In 1788, Pastor Earnest Spitzner witnessed an amazing fact: When a Carniolan honeybee finds a good supply of pollen, she returns to the hive and there she tells the other bees about it. Spitzner suggested that the bees can communicate with each other by performing a curious circular dance. Both the beautiful observation and the deduction were correct, but Spitzner took it no further. It was left to Karl von Frisch, in our age, to interpret the language of honeybees.

When a honeybee discovers a new source of honey within about ten metres of the hive, she returns to the hive and regurgitates drops of honey which are eagerly drunk by other bees. Then, in order to indicate the source of the drops they have just drunk, she performs an interesting sequence of movements we call the ‘round dance’. She dances round in a circle, first in one direction, then reversing and going round in the opposite direction, again reversing and so on. During the performance, other bees follow her about, holding their antenna against her abdomen. After the dance, she flies back to the food source, normally a particular flower or group of flowers. The other bees who followed the dance do not fly after her but fly out in all directions. However, fairly soon, a great number of them find the new source. They do so because they have smelt the scent of the flowers that clung to the dancer’s body and so to recognize the right kind of flower. Observing this procedure of the bees’ communication with admiration, Frisch reported that the ‘round dance’ tells the other bees to go out and search in the near neighbourhood of the hive; and the scent on the dancer’s body tells them which flowers to look for. In one experiment, bees informed by a dancer at once found the right flowers in a section of Munich Botanical Gardens where 700 different plant species were blooming.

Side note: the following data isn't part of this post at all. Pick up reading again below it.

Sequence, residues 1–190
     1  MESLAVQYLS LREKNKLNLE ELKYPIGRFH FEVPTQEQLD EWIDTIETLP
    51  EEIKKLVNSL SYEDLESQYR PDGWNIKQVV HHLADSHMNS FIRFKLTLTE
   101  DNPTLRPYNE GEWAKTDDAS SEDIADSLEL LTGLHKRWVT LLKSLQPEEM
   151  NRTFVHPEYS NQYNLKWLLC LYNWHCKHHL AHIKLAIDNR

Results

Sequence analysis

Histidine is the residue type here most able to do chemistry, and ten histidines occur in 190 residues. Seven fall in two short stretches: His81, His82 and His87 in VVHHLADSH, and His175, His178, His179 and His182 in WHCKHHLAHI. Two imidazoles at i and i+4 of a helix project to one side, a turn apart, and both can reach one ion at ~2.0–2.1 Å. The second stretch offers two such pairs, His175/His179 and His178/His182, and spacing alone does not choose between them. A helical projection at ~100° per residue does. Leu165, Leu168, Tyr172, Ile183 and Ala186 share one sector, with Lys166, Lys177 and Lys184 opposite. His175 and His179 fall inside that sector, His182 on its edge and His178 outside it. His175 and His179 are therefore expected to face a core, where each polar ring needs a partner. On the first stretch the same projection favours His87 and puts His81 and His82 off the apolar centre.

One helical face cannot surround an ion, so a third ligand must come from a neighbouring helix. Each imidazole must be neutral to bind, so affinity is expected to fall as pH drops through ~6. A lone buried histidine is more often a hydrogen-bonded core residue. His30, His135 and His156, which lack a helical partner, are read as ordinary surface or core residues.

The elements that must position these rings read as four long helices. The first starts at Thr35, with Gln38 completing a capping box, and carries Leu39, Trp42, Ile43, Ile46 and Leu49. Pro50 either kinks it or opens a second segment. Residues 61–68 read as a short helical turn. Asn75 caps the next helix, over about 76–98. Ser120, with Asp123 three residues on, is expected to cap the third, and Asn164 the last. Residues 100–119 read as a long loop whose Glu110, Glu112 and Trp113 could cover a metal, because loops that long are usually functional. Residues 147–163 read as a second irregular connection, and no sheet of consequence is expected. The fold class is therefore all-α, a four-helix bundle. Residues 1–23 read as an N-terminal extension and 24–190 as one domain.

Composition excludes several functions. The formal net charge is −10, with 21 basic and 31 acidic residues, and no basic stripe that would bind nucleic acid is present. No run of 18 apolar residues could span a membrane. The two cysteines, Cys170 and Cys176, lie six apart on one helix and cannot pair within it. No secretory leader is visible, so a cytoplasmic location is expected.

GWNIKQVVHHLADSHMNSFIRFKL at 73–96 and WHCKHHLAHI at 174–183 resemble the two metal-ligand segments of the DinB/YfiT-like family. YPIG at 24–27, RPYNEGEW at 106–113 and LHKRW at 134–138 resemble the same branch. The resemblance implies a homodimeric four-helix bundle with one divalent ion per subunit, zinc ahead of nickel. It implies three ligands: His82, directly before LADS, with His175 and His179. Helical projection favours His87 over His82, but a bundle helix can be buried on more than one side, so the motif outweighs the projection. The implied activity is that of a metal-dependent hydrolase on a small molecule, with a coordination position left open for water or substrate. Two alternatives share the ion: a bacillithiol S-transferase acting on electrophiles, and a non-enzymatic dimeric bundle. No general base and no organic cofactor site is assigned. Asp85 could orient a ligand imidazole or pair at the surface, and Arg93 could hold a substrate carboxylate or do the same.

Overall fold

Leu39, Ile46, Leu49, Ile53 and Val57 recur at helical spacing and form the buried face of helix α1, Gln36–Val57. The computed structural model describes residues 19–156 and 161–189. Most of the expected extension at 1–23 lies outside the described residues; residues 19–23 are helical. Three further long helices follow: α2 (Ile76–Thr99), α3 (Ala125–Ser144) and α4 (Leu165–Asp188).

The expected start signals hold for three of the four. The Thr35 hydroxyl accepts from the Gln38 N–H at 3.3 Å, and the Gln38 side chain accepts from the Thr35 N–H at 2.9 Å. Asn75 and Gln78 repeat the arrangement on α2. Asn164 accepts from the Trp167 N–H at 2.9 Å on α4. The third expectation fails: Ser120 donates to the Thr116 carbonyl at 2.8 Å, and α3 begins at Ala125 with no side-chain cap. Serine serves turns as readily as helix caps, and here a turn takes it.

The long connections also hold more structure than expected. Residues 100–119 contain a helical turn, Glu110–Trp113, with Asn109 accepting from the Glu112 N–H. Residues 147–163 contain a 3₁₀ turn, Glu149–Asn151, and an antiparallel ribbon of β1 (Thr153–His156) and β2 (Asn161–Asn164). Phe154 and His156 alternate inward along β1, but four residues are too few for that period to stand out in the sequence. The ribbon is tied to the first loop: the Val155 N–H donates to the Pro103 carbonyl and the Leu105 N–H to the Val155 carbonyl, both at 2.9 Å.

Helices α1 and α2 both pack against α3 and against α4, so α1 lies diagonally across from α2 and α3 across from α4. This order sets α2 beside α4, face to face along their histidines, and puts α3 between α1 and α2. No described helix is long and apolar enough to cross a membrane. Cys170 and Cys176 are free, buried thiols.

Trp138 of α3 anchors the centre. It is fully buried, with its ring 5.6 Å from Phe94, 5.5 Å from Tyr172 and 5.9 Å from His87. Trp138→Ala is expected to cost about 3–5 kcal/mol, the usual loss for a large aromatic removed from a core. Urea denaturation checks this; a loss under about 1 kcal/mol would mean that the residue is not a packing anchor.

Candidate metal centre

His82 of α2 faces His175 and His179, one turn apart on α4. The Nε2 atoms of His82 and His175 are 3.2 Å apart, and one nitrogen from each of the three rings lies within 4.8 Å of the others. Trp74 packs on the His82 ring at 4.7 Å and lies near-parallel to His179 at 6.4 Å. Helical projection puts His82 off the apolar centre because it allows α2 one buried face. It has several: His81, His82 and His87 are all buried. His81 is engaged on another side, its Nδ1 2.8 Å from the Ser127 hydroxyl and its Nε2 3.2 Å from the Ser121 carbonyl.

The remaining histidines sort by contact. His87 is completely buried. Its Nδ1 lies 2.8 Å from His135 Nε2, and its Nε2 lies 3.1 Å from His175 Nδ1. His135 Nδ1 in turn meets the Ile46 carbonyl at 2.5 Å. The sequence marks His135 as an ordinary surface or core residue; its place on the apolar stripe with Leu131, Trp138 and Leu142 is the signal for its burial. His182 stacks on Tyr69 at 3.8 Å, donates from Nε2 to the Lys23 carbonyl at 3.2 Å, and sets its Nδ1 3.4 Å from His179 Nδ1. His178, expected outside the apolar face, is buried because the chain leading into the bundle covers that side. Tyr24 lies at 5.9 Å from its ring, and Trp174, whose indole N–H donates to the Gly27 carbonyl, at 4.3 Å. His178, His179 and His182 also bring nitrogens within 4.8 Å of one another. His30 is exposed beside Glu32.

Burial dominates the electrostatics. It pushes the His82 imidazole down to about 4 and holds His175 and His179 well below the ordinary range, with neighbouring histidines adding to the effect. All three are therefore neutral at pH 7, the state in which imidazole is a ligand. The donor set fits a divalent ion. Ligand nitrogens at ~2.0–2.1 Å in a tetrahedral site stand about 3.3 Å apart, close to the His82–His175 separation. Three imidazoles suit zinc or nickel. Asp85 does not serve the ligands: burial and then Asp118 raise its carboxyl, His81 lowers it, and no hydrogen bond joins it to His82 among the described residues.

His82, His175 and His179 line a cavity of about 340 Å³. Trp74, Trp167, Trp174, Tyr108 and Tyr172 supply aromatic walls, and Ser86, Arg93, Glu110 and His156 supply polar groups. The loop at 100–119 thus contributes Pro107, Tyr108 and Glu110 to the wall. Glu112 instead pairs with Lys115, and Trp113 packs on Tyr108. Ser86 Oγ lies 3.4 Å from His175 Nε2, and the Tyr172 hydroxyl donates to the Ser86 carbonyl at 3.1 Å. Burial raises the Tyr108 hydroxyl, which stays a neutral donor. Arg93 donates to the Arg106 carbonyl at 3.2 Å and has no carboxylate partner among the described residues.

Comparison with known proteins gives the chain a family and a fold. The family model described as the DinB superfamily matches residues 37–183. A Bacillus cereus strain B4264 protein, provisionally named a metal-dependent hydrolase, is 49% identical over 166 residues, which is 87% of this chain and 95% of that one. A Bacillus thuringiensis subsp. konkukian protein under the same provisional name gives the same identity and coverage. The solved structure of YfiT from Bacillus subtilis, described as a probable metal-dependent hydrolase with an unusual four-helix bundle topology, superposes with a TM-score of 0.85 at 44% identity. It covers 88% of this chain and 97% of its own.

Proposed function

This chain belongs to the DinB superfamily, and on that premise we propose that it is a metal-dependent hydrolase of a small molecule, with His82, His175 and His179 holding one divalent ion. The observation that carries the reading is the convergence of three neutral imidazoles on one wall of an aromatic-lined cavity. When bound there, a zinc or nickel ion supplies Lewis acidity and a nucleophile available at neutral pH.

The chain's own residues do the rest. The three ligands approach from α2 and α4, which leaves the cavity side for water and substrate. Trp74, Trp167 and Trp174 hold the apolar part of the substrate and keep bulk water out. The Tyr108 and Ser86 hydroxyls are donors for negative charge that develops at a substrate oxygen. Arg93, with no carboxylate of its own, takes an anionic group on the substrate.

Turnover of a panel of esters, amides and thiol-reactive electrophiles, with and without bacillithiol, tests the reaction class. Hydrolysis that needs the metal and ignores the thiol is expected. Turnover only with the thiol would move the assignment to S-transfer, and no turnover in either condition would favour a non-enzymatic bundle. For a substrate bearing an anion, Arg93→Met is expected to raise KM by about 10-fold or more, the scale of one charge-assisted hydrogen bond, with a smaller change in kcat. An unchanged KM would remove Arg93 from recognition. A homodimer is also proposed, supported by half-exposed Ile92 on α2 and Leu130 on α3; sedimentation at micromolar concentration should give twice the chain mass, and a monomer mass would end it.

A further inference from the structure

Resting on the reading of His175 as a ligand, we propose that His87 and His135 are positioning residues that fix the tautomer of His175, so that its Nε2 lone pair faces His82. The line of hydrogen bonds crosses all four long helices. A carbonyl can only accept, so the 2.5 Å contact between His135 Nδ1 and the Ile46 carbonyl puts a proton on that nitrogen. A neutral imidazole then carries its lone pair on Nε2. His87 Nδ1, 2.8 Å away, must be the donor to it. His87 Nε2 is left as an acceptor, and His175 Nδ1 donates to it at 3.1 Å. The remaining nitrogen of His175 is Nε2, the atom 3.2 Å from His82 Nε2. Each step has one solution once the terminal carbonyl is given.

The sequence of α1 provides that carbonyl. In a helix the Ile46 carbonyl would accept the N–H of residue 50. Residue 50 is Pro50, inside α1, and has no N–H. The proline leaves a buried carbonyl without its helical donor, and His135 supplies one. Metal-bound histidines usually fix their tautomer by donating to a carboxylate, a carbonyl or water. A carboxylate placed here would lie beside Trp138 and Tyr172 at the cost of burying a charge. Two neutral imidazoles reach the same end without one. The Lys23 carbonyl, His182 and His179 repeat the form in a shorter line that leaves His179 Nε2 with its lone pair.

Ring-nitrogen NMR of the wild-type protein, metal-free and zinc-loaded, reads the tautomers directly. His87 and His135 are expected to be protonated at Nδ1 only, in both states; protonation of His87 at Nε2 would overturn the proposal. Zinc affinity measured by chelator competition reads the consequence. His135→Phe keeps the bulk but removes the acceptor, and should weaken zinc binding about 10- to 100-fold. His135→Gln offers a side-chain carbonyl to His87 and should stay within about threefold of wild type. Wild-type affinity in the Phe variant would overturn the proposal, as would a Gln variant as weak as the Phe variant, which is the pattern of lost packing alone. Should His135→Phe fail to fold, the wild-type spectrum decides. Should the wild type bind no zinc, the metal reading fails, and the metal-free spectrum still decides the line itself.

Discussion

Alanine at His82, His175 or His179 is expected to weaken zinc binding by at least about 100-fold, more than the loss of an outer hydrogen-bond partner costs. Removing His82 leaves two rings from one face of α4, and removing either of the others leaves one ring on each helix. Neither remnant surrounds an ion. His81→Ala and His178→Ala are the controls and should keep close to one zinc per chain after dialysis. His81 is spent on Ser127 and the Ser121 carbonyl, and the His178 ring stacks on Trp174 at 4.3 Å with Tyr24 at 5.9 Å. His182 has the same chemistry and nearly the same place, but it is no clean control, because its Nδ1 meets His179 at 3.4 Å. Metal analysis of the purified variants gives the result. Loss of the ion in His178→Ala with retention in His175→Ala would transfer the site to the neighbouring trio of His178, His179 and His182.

But honeybees search for food at a greater distance than 10 metres. They have been observed to fly more than 13 km in search of honey. Remembering the average that a honeybee is only about 13 mm long, that 13 km for a bee is the equivalent of about 1,600 km for a human being. It is clear that, even for distances considerably less than 13 km, the round dance would not be much use. If the discoverer of a new food source informed the other bees to go out and search in all directions for over several kilometres, they would never find the flowers. Thus, when a bee finds food at a considerable distance, say over 100 metres from the hive, she returns to the hive, offers the honey she has found, and then performs a different kind of special dance. She dances along in a straight line for a certain distance, wagging her tail vigorously and buzzing away by means of slight vibrations of the muscles that flap her wings in flight. At the end of this wagging run, she stops buzzing and wagging her tail, circles round to one side back to where she started, does another wagging run, circles round to the opposite side, does a third wagging run and so on. This sequence of movements is called ‘tail-wagging dance’. Showing special interest in wagging runs, a number of other bees follow her round. It is known that bees cannot hear sounds in the air, however they can feel the buzzing vibrations through the surface on which the dance is performed. Like the round dance the ‘tail-wagging’ dance tells the followers of the dance that there is food available, and what flowers to look for, from the smell. But it tells them much more than this; it tells them precisely how far away the flowers are, and in exactly what direction. And so, the bees who study the dance can fly with precision to the spot indicated, even at a distance of kilometers, and find the honey-bearing flowers.